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CML Patients: Survivors Changing The Language of Cancer

By Expert HERWriter Guide Blogger
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Chronic Myelogenous Leukemia related image Andrey Armyagov/PhotoSpin

This is why the Internet, and networking across country borders, has become key in empowering patient advocates, exchanging information and best practices between the groups, and collaboration across languages and countries.”

In the United States, CML patients and caregivers can get support from the National CML Society (NCMLS), which provides a centralized hub of information. Founded in 2007 as Carolyn’s Hope, the organization quickly grew beyond meeting local needs and became the NCMLS in 2009, serving the needs of the CML community in the United States and its territories.

In Canada, the CML Society of Canada was established in 2006 and provides support, education and information on current and emerging treatments and on research initiatives.The society notes that the needs of the increasing number of surviving patients must be addressed with specialized care and monitoring.

CML Awareness Day is held on September 22 because the Philadelphia chromosome, which most often causes the disease, develops after birth when chromosomes 9 and 22 exchange some of their genetic material. It is estimated that by 2050 nearly 300,000 people in North America will be living with CML.


CML Support Organizations:

United States: The National CML Society

Canada: CML Society of Canada
(Note: Site is available in English or French)

CML Support Groups Directory Worldwide:

Targeted Treatments for Cancer Information:

Newsweek: Curing Cancer: What treatable tumors can teach us about improving the odds in the deadliest cases. September 9, 2010

Targeted Cancer Therapies: National Cancer Institute:

Understanding Targeted Therapies for Cancer:

Add a Comment2 Comments

Expert HERWriter Guide Blogger

Lottie - Thanks for your comments and welcome to EmpowHER. I really like what you said - "I found my greatest advocate online, until I could stand on my own two feet. Life goes on and you want to be there."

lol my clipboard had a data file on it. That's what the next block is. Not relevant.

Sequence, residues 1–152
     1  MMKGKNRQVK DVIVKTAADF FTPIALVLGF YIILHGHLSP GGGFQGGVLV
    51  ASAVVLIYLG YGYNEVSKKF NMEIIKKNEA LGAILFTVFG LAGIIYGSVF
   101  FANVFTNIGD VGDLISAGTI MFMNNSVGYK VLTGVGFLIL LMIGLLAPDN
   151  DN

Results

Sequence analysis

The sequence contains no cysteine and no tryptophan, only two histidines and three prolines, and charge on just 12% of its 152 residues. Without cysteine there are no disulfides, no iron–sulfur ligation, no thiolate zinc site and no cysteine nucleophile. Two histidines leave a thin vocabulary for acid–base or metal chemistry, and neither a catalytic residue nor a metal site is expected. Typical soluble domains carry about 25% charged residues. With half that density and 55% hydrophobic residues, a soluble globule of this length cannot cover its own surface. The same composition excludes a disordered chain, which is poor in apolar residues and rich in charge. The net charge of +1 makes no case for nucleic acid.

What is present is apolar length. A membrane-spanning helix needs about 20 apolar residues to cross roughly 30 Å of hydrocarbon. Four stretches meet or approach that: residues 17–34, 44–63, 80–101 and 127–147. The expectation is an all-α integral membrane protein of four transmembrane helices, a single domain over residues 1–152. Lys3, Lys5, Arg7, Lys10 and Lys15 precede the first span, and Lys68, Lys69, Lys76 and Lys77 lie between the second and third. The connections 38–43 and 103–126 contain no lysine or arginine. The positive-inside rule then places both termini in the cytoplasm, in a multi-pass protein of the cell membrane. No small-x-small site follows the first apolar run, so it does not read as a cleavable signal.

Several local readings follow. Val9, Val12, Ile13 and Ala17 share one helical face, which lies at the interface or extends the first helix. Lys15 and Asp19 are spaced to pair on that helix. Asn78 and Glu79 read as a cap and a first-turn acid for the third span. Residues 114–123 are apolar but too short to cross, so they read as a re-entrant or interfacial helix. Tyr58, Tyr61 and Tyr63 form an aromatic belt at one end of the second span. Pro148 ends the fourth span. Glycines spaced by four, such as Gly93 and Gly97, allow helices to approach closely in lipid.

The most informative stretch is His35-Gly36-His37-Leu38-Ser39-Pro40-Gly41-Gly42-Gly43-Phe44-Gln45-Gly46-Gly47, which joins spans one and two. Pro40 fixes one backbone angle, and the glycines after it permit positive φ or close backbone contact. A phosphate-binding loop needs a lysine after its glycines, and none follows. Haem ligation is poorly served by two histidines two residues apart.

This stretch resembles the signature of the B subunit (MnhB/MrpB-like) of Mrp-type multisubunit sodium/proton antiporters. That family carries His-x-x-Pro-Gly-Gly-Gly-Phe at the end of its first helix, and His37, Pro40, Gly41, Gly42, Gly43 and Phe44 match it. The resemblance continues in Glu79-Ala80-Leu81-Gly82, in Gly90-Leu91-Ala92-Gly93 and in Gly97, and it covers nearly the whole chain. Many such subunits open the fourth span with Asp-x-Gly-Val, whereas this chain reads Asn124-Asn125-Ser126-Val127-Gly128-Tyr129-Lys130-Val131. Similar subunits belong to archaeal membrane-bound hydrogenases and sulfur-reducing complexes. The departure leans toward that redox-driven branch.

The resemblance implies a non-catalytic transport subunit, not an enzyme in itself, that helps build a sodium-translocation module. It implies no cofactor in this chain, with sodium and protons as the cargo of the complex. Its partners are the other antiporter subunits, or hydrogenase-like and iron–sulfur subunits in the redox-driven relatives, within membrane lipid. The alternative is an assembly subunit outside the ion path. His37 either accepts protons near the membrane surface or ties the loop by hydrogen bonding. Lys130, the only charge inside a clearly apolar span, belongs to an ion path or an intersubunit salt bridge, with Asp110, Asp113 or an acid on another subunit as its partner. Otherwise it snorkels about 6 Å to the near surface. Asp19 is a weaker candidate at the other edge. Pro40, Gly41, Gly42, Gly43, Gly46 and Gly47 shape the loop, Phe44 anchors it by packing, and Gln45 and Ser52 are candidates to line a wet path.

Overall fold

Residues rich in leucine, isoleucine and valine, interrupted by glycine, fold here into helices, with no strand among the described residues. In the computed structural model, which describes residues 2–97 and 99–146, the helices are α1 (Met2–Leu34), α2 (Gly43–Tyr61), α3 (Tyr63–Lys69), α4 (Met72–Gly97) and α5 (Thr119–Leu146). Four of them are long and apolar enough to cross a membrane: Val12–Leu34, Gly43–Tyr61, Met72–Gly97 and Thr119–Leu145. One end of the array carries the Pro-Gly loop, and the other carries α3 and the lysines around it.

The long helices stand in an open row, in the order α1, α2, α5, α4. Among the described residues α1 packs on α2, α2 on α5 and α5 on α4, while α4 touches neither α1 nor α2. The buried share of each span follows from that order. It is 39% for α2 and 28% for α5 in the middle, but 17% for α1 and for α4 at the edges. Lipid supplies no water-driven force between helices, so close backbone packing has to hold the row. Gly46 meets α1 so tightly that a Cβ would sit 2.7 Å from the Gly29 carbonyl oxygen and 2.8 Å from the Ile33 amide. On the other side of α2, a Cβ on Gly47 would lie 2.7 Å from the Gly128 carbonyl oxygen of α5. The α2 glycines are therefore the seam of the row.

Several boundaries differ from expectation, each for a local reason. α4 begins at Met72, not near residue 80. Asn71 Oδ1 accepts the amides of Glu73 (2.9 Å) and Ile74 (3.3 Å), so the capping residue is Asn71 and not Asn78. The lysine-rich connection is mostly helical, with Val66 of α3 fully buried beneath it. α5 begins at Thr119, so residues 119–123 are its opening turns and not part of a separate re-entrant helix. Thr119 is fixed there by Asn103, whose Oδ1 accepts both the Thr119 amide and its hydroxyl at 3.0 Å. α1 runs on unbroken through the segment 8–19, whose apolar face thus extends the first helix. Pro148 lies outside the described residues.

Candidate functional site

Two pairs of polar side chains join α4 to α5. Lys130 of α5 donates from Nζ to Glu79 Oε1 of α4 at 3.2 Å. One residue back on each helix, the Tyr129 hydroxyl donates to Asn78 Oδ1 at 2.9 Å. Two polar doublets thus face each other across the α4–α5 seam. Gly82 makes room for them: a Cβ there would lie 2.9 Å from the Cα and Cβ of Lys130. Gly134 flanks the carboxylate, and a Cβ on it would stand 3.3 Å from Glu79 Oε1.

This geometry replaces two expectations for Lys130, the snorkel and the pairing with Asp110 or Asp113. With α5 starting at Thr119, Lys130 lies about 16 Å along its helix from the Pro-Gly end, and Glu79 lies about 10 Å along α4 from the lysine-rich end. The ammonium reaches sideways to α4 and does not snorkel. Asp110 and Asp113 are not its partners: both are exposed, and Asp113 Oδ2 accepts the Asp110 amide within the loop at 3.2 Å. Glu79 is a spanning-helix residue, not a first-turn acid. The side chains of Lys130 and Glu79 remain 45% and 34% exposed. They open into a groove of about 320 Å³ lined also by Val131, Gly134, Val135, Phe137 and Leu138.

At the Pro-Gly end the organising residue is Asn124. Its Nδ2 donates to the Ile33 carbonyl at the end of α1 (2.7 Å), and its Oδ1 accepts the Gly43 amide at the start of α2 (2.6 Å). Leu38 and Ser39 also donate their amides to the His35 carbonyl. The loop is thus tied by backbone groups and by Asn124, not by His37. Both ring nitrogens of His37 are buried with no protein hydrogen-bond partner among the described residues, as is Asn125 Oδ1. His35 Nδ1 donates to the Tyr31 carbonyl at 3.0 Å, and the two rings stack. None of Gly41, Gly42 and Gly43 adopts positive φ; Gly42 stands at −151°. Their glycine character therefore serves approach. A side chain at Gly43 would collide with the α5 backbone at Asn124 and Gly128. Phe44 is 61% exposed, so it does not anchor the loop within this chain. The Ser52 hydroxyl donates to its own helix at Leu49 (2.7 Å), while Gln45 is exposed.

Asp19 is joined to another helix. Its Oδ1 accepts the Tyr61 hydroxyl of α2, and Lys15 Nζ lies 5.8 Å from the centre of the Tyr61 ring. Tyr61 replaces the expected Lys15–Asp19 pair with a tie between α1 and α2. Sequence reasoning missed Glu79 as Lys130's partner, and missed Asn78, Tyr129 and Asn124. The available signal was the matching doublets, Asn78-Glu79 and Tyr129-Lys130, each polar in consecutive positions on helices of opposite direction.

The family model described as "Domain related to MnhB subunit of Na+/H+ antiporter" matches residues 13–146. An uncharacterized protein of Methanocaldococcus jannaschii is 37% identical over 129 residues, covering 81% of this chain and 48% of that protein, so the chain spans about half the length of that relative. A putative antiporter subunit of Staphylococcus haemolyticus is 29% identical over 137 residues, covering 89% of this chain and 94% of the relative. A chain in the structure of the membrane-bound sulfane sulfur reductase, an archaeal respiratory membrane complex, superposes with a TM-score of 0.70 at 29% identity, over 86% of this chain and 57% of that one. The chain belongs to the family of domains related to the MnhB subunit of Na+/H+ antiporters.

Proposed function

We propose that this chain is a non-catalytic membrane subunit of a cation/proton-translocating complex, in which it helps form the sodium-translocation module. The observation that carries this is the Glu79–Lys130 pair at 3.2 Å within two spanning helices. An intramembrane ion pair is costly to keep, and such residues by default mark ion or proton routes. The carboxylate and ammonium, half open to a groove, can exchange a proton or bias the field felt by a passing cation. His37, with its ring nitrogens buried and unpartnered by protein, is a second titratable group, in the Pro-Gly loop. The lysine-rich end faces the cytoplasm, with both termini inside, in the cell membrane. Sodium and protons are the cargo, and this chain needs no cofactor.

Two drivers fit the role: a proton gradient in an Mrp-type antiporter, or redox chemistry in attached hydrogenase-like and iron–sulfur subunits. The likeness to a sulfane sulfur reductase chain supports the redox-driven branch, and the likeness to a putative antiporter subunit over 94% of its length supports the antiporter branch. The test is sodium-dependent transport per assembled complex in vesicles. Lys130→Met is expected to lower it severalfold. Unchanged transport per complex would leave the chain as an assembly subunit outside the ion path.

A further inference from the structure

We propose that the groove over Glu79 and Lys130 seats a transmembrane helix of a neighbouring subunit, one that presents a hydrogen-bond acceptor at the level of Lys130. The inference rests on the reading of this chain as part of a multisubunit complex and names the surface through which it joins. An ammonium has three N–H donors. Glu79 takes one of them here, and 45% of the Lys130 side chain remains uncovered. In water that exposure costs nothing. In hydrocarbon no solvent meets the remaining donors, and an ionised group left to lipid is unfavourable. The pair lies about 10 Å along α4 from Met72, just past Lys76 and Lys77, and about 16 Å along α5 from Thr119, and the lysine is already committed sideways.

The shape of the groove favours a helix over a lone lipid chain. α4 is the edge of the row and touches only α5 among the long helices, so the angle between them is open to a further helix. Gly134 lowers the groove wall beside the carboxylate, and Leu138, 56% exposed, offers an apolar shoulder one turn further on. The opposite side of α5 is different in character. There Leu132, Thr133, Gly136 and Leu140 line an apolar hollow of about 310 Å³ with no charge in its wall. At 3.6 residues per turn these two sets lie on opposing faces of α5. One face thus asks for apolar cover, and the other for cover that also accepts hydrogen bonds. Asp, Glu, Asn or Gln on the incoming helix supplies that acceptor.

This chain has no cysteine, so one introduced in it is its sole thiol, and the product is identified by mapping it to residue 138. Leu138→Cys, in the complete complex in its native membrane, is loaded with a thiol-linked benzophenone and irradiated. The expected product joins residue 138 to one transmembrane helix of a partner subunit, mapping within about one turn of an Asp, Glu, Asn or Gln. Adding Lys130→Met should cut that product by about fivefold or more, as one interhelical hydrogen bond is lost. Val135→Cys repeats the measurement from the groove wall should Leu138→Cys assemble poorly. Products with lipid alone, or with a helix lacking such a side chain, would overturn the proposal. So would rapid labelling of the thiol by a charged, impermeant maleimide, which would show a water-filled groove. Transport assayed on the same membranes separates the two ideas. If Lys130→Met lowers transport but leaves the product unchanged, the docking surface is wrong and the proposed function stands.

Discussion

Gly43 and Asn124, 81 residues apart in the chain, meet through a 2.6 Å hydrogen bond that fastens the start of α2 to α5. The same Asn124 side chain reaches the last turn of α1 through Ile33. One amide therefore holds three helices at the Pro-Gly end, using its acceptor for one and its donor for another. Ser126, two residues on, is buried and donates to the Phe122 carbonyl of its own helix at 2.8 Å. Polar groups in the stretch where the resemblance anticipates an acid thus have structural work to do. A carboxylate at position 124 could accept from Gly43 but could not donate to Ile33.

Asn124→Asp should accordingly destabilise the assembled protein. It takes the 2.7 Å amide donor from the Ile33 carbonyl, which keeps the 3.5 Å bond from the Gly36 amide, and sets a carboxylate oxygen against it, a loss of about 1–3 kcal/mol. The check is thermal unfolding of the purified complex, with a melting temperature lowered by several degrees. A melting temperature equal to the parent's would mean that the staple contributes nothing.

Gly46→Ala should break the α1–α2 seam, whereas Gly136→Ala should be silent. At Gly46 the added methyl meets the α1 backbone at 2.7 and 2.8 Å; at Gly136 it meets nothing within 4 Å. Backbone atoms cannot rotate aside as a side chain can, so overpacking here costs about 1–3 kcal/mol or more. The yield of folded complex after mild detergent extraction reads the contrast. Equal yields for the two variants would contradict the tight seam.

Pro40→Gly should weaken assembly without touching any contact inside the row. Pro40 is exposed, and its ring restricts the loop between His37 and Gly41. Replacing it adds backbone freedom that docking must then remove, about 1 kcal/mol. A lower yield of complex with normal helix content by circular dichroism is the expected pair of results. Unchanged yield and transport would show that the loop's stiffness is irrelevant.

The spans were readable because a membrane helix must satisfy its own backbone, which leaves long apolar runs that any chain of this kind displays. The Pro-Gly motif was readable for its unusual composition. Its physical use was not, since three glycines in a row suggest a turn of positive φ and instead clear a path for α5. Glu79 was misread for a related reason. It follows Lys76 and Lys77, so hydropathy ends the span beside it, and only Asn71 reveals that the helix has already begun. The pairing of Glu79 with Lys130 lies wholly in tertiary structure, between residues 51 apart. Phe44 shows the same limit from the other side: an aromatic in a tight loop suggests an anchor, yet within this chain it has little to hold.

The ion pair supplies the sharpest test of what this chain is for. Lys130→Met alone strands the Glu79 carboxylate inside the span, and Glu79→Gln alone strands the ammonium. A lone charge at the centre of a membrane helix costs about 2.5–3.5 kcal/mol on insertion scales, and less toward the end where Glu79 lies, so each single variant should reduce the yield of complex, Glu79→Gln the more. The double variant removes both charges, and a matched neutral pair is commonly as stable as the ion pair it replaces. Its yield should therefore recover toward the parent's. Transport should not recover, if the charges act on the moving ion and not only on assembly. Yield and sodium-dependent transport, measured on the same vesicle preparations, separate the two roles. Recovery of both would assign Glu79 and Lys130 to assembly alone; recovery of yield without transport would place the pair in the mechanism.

I hope you will come back to the site and share more of your thoughts with us in the future.
Take care,

October 1, 2010 - 5:27pm
EmpowHER Guest

Changing the language of cancer is an excellent beginning for a new CMLer to start their learning process. You are never done learing about CML, as change is a constant. When someone says something about leukemia, we in the CML community want to know what kind of leukemia. I am glad that you have catagorized it, as each leukemia is different and certainly treated differently. I think the first thought I had was to go out into the community and find someone with CML to talk to, but I couldn't find anyone, and that is because it is the rarest of the leukemia groups, and only affects about 4000 people in the US every year. Only a few hundred are dying each year, which means we are living longer, thanks to the generous researchers who use their grant money to find newer treatments. Personally I would like to hear the word "cure" more often in context of learning more about new treatments, but until that comes along, we will live with the status quo. A good CML support group is the best place for a newcomer to start, as there are people who have been there and can calm your greatest fears. I found my greatest advocate online, until I could stand on my own two feet. Life goes on and you want to be there.
Excellent article, Pat.
Lottie Duthu

September 27, 2010 - 10:31pm
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We value and respect our HERWriters' experiences, but everyone is different. Many of our writers are speaking from personal experience, and what's worked for them may not work for you. Their articles are not a substitute for medical advice, although we hope you can gain knowledge from their insight.

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